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We studied the radiolysis of a wide variety of N-heterocycles, including many of biological importance, and find that the majority are remarkably stable in the solid-state when subjected to large doses of ionizing gamma radiation from a 60Co source. Degradation of N-heterocycles as a function of dose rate and total dose was measured using high performance liquid chromatography with UV detection. Many N-heterocycles show little degradation when γ-irradiated up to a total dose of ~1 MGy, which approximates hundreds of millions of years’ worth of radiation emitted in meteorite parent bodies due to slow radionuclide decay. Extrapolation of these results suggests that these N-heterocyclic compounds would be stable in dry parent bodies over solar system time-scales. We suggest that the abundance of these N-heterocycles as measured presently in carbonaceous meteorites is largely reflective of their abundance at the time aqueous alteration stopped in their parent bodies, and the absence of certain compounds in present-day samples is either due to the formation mechanisms or degradation which occurred during periods of aqueous alteration or thermal metamorphism.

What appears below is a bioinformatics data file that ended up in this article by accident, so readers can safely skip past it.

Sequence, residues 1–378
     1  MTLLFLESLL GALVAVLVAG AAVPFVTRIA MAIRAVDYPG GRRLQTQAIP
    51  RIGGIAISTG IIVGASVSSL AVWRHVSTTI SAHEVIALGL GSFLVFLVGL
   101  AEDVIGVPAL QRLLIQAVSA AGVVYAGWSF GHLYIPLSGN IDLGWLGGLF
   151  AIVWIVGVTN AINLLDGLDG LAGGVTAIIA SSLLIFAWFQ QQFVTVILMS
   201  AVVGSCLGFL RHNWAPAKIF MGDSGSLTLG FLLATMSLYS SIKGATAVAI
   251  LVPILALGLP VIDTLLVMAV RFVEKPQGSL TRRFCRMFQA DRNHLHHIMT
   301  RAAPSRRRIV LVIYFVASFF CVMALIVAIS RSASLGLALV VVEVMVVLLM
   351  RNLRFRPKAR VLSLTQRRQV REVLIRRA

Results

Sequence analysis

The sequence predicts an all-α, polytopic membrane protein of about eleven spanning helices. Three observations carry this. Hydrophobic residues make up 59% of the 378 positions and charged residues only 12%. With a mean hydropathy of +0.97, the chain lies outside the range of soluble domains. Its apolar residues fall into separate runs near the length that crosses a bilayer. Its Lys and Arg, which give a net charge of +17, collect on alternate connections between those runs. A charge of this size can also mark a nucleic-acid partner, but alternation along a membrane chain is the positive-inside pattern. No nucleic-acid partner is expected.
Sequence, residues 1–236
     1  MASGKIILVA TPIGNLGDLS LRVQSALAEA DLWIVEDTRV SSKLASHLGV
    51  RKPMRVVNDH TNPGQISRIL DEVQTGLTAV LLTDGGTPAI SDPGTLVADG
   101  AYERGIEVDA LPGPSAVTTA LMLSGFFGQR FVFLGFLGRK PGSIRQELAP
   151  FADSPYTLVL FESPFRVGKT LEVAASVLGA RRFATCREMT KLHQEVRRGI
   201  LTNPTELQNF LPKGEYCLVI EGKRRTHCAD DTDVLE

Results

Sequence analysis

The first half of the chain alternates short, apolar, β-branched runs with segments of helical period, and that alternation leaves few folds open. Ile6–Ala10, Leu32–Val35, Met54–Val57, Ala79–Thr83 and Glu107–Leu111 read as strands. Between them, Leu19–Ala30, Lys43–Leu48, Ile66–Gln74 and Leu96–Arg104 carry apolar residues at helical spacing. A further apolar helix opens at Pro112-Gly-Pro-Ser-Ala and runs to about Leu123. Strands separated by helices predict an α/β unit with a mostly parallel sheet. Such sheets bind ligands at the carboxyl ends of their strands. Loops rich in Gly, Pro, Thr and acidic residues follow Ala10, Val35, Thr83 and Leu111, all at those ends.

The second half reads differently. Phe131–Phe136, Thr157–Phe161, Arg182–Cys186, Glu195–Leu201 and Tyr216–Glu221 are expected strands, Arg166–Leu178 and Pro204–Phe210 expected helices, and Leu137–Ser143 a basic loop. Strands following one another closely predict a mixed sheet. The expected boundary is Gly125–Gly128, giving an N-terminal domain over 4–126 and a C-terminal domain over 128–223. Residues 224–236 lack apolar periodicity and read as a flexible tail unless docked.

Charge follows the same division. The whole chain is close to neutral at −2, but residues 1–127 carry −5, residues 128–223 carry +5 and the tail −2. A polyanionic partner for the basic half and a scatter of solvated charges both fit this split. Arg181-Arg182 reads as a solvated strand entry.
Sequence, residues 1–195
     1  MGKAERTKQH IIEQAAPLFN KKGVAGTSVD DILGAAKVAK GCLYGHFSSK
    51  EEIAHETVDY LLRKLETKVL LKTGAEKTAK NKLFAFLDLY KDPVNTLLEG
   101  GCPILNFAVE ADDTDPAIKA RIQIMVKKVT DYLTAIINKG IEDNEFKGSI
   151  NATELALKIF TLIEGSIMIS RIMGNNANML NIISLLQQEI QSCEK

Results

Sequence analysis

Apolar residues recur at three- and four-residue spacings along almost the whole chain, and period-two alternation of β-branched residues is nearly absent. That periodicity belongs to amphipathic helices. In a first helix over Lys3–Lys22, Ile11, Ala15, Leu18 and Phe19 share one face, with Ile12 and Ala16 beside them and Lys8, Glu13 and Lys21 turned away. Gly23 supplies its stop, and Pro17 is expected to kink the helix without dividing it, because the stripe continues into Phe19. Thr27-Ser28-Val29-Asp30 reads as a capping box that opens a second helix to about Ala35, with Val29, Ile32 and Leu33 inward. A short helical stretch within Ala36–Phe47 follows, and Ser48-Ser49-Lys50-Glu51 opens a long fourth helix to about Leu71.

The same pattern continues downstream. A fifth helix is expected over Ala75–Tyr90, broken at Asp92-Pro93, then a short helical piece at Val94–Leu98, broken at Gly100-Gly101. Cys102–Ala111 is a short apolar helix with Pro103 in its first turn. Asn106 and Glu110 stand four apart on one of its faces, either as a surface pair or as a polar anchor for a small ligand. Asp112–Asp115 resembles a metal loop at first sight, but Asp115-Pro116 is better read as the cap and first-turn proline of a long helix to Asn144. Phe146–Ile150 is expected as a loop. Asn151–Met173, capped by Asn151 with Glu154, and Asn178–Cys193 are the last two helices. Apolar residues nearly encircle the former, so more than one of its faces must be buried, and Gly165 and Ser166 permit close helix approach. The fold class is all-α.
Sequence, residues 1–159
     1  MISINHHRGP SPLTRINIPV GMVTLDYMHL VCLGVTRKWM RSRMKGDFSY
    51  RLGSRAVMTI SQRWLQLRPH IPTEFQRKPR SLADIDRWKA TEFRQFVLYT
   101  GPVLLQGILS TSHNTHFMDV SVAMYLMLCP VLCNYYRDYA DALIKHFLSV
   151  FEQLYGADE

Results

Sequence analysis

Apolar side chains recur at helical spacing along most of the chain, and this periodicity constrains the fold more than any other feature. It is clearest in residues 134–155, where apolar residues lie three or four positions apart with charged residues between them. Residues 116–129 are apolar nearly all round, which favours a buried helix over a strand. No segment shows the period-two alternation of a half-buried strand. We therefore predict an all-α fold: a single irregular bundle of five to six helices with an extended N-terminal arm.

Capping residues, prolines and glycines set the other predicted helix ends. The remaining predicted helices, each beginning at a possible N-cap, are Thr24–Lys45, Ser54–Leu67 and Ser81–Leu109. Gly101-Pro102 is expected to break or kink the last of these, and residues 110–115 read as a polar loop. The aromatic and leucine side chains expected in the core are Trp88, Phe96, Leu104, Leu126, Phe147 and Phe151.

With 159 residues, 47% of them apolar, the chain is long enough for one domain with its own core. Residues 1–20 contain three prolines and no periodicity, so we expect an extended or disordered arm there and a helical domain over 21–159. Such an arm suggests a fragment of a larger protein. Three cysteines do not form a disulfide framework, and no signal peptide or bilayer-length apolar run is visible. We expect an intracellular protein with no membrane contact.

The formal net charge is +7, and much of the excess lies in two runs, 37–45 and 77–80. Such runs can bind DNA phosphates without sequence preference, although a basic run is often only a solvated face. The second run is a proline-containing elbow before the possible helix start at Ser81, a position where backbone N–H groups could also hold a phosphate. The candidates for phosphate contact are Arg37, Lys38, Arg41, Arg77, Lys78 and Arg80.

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This document was originally published in International Journal of Astrobiology by Cambridge University Press. Reprinted with permission. Copyright restrictions may apply. doi: 10.1017/S1473550418000265

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